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Identifiering av parametrar till ackumulatortanken Solus1050 från consolar - en metodbeskrivning
Dalarna University, School of Technology and Business Studies, Environmental Engineering.
2001 (Swedish)Report (Other academic)
Abstract [sv]

This report describes the work done creating a computer model of a kombi tank from Consolar. The model was created with Presim/Trnsys and Fittrn and DF were used to identify the parameters. Measurements were carried out and were used to identify the values of the parameters in the model. The identifications were first done for every circuit separately. After that, all parameters are normally identified together using all the measurements. Finally the model should be compared with other measurements, preferable realistic ones. The two last steps have not yet been carried out, because of problems finding a good model for the domestic hot water circuit. The model of the domestic hot water circuit give relatively good results for low flows at 5 l/min, but is not good for higher flows. In the report suggestions for improving the model are given. However, there was not enough time to test this within the project as much time was spent trying to solve problems with the model crashing. Suggestions for improving the model for the domestic circuit are given in chapter 4.4. The improved equations that are to be used in the improved model are given by equation 4.18, 4.19 and 4.22. Also for the boiler circuit and the solar circuit there are improvements that can be done. The model presented here has a few shortcomings, but with some extra work, an improved model can be created. In the attachment (Bilaga 1) is a description of the used model and all the identified parameters. A qualitative assessment of the store was also performed based on the measurements and the modelling carried out. The following summary of this can be given: Hot Water Preparation The principle for controlling the flow on the primary side seems to work well in order to achieve good stratification. Temperatures in the bottom of the store after a short use of hot water, at a coldwater temperature of 12°C, was around 28-30°C. This was almost independent of the temperature in the store and the DHW-flow. The measured UA-values of the heat exchangers are not very reliable, but indicates that the heat transfer rates are much better than for the Conus 500, and in the same range as for other stores tested at SERC. The function of the mixing valve is not perfect (see diagram 4.3, where Tout1 is the outlet hot water temperature, and Tdhwo and Tdhw1 is the inlet temperature to the hot and cold side of the valve respectively). The outlet temperature varies a lot with different temperatures in the storage and is going down from 61°C to 47°C before the cold port is fully closed. This gives a problem to find a suitable temperature setting and gives also a risk that the auxiliary heating is increased instead of the set temperature of the valve, when the hot water temperature is to low. Collector circuit The UA-value of the collector heat exchanger is much higher than the value for Conus 500, and in the same range as the heat exchangers in other stores tested at SERC. Boiler circuit The valve in the boiler circuit is used to supply water from the boiler at two different heights, depending on the temperature of the water. At temperatures from the boiler above 58.2°C, all the water is injected to the upper inlet. At temperatures below 53.9°C all the water is injected to the lower inlet. At 56°C the water flow is equally divided between the two inlets. Detailed studies of the behaviour at the upper inlet shows that better accuracy of the model would have been achieved using three double ports in the model instead of two. The shape of the upper inlet makes turbulence, that could be modelled using two different inlets. Heat losses The heat losses per m3 are much smaller for the Solus 1050, than for the Conus 500 Storage. However, they are higher than those for some good stores tested at SERC. The pipes that are penetrating the insulation give air leakage and cold bridges, which could be a major part of the losses from the storage. The identified losses from the bottom of the storage are exceptionally high, but have less importance for the heat losses, due to the lower temperatures in the bottom. High losses from the bottom can be caused by air leakage through the insulation at the pipe connections of the storage.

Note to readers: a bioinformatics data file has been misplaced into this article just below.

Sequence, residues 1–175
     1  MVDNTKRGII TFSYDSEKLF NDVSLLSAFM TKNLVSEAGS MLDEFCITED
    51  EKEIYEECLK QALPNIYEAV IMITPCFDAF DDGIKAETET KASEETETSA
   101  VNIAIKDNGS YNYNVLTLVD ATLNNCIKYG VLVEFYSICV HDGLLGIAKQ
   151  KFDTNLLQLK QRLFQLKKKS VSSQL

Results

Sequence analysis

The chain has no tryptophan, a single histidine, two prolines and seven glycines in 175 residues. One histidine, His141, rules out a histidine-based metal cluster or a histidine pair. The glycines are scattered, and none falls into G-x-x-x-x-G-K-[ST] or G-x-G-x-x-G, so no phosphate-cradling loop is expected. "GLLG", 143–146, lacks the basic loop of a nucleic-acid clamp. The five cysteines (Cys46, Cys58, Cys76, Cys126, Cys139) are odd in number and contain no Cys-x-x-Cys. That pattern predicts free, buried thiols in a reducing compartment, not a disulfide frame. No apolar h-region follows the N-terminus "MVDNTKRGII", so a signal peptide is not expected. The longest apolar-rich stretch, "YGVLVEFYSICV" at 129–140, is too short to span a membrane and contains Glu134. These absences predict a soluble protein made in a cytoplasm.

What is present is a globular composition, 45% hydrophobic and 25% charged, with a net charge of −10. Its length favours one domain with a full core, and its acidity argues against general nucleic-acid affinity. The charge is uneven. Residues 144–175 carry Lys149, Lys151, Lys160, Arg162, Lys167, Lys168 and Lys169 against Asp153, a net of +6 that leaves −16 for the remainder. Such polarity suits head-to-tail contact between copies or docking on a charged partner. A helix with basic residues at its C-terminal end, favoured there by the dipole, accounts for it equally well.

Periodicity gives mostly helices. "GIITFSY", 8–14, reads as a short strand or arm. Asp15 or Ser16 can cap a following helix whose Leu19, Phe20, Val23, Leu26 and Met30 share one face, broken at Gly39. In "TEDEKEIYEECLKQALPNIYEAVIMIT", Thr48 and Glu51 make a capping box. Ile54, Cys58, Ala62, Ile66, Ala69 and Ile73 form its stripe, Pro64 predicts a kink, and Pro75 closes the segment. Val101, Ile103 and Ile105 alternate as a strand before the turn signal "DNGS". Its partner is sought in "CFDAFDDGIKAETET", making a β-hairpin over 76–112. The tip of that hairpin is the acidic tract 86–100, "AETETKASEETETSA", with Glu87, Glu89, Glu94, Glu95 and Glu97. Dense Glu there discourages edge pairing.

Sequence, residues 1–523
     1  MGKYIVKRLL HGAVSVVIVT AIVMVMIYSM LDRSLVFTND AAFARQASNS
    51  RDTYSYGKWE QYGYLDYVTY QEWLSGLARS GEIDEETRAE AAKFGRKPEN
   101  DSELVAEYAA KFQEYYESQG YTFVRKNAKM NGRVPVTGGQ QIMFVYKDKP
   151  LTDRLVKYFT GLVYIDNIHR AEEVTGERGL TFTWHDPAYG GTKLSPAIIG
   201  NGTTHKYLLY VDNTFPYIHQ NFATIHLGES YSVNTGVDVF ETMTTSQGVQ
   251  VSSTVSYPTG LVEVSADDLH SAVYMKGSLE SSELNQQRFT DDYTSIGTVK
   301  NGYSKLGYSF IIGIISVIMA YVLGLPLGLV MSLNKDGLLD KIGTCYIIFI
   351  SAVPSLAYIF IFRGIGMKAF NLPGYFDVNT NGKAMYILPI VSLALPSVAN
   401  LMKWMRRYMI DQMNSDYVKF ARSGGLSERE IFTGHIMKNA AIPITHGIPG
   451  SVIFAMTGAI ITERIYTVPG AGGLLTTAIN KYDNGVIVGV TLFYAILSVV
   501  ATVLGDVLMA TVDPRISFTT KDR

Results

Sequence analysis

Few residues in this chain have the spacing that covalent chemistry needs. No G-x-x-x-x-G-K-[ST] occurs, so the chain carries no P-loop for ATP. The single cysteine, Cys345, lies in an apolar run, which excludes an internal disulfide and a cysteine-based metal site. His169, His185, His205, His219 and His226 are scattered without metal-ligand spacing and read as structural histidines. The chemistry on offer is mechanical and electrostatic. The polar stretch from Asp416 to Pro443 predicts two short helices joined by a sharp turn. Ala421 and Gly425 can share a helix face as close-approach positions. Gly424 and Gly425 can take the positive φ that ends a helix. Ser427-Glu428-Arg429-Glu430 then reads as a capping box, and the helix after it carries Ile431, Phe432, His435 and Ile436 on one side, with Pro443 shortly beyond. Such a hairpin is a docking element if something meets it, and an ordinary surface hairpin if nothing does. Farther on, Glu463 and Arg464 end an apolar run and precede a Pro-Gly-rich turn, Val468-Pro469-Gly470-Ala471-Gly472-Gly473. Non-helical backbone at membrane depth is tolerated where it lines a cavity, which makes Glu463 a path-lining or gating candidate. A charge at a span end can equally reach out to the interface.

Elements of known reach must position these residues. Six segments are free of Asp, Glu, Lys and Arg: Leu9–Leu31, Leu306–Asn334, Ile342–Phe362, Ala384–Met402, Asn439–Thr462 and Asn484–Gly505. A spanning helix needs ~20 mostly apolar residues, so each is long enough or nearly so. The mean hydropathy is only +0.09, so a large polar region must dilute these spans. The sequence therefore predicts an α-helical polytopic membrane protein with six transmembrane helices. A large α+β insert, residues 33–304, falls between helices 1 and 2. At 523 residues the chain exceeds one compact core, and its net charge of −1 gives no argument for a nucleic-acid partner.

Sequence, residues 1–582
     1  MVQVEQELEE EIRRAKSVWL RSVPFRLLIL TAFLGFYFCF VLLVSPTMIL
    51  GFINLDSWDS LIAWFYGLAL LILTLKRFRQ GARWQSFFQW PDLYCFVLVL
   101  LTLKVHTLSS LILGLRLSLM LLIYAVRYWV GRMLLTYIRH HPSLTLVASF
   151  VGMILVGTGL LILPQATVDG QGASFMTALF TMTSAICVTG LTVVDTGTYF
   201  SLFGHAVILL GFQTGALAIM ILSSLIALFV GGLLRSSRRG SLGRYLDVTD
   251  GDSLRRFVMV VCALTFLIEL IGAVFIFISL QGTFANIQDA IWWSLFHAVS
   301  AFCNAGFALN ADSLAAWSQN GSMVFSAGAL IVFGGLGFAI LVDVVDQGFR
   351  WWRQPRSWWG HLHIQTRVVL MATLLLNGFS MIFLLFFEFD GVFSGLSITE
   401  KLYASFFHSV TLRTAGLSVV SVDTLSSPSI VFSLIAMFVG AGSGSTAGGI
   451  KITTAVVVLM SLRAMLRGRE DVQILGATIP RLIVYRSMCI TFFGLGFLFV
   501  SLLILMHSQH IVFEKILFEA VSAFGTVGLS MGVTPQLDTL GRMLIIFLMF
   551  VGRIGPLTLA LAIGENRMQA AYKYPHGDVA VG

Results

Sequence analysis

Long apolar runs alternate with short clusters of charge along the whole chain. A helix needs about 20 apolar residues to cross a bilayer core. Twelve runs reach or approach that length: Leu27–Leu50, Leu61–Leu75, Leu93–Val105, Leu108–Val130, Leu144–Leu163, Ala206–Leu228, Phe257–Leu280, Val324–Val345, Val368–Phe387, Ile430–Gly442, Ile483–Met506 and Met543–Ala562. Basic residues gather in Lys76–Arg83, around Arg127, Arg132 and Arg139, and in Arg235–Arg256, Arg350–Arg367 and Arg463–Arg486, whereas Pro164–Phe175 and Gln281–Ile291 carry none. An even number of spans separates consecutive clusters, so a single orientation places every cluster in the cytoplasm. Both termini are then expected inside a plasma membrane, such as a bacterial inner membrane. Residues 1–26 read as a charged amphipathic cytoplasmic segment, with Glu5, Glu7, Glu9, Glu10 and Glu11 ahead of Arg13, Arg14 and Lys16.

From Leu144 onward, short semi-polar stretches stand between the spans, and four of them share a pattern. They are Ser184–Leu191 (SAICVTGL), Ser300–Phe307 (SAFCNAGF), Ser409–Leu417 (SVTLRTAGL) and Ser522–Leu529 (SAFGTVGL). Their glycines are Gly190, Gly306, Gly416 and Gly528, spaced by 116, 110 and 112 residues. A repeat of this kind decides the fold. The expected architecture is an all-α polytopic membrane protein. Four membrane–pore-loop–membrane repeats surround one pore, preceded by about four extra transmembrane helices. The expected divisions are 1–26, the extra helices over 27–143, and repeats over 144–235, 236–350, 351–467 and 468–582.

Place, publisher, year, edition, pages
Borlänge: Högskolan Dalarna , 2001.
Series
EKOS publikation, ISSN 1650-1497 ; 2001-1
Identifiers
URN: urn:nbn:se:du-586OAI: oai:dalea.du.se:586DiVA: diva2:522700
Available from: 2004-11-25 Created: 2004-11-25 Last updated: 2012-04-24Bibliographically approved

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